Ryan Brukardt: One thing I’d add is that, traditionally, things viewed from space needed to be analyzed, processed, and synthesized by experts on the ground. But that’s rapidly changing. Think about the ability to consistently scan forest canopies looking for fires, which there was no way to do from space before. Now satellites carry sensors that can detect heat, verify fires with photos, and complement that with full-motion video. What is that early identification worth to homeowners living in a wildfire-prone area? What is that worth to the insurance companies that could possibly avoid paying out millions or hundreds of millions of dollars? What does that mean for the state government, where early intervention may help them avoid rebuilding devastated areas? So, yes, the use cases are somewhat the same, but the value pools haven’t even been estimated yet.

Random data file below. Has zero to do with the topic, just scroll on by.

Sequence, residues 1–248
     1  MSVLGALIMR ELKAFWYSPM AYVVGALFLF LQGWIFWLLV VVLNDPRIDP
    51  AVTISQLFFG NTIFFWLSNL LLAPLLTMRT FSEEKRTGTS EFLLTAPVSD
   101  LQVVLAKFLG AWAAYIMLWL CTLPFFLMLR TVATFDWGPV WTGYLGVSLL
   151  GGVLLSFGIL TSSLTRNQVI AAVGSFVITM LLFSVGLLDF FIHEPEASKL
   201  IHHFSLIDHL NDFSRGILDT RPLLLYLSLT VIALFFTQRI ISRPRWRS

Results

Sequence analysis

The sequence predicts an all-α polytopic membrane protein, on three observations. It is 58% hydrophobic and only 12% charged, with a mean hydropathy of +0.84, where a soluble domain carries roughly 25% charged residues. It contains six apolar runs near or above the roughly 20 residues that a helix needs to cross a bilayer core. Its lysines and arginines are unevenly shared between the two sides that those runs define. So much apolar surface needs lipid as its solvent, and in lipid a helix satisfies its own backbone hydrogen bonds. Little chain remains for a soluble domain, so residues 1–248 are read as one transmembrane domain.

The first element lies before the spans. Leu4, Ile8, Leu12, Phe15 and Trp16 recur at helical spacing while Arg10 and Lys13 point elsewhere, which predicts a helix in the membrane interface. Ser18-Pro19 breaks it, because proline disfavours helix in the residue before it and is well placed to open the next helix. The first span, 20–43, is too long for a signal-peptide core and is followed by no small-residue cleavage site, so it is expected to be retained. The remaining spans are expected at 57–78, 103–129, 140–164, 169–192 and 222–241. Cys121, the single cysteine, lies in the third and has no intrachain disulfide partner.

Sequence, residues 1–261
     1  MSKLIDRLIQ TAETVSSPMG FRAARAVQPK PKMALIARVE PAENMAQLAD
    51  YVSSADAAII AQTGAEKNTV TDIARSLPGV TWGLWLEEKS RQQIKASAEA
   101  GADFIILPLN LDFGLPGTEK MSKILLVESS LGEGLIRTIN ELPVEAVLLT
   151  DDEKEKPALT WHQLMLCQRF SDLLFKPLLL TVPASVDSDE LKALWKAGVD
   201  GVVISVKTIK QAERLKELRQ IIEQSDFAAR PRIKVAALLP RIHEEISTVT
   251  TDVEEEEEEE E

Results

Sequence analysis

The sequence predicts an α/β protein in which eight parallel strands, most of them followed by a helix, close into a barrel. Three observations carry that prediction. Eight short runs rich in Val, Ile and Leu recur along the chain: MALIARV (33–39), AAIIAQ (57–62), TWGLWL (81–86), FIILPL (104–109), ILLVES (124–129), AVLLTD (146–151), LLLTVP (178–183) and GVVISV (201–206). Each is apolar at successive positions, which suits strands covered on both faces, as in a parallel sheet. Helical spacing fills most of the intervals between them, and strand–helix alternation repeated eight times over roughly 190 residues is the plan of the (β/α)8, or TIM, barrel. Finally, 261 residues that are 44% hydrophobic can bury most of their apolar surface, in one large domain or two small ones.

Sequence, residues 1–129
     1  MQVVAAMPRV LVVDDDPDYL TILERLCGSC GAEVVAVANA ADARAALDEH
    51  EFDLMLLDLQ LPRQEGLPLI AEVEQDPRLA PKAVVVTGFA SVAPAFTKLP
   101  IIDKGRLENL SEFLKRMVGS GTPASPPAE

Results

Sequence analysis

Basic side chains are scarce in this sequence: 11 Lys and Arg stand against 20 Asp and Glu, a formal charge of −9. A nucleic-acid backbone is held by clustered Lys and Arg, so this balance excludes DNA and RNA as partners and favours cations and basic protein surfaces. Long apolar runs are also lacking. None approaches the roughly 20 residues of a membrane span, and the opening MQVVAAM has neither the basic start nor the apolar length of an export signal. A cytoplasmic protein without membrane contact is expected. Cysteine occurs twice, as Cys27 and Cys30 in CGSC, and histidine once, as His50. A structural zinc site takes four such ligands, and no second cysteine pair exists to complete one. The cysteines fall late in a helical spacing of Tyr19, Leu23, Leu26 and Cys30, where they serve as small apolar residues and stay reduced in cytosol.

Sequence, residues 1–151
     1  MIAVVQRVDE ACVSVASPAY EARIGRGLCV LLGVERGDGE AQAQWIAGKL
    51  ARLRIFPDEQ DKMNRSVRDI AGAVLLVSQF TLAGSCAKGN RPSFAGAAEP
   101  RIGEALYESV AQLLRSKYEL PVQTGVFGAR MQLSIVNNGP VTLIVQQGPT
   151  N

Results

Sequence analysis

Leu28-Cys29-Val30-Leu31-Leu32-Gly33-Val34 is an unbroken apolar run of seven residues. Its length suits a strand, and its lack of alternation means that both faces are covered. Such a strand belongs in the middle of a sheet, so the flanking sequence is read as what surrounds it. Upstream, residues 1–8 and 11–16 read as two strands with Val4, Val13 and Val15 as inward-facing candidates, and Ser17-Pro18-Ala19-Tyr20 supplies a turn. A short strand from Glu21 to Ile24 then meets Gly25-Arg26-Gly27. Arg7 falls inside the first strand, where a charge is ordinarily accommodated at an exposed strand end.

Mina Alaghband: It sounds like the evolution of the technology and the cost curve have increased the frequency with which you can leverage these capabilities and opened a whole new set of use cases and changed the ROI. It’s much more about real-time decision making, which has been enabled by this kind of stream of information and communication.

Jesse Klempner: Absolutely. And I think we’re still figuring out how to use all that information in an efficient and effective way that doesn’t overwhelm decision makers. The whole industry is still sorting this out, which gives me great confidence that it’s only going to get quite a bit better in the next five years.

Mina Alaghband: Maybe we can spend a moment on the supply side. Who is supplying this technology? Should we just be imagining aerospace leaders? What does that landscape look like?

Jesse Klempner: I think it’s a great question. The diversity and proliferation of the space industrial base, globally speaking, has expanded rapidly because the bar for doing things has come down immeasurably.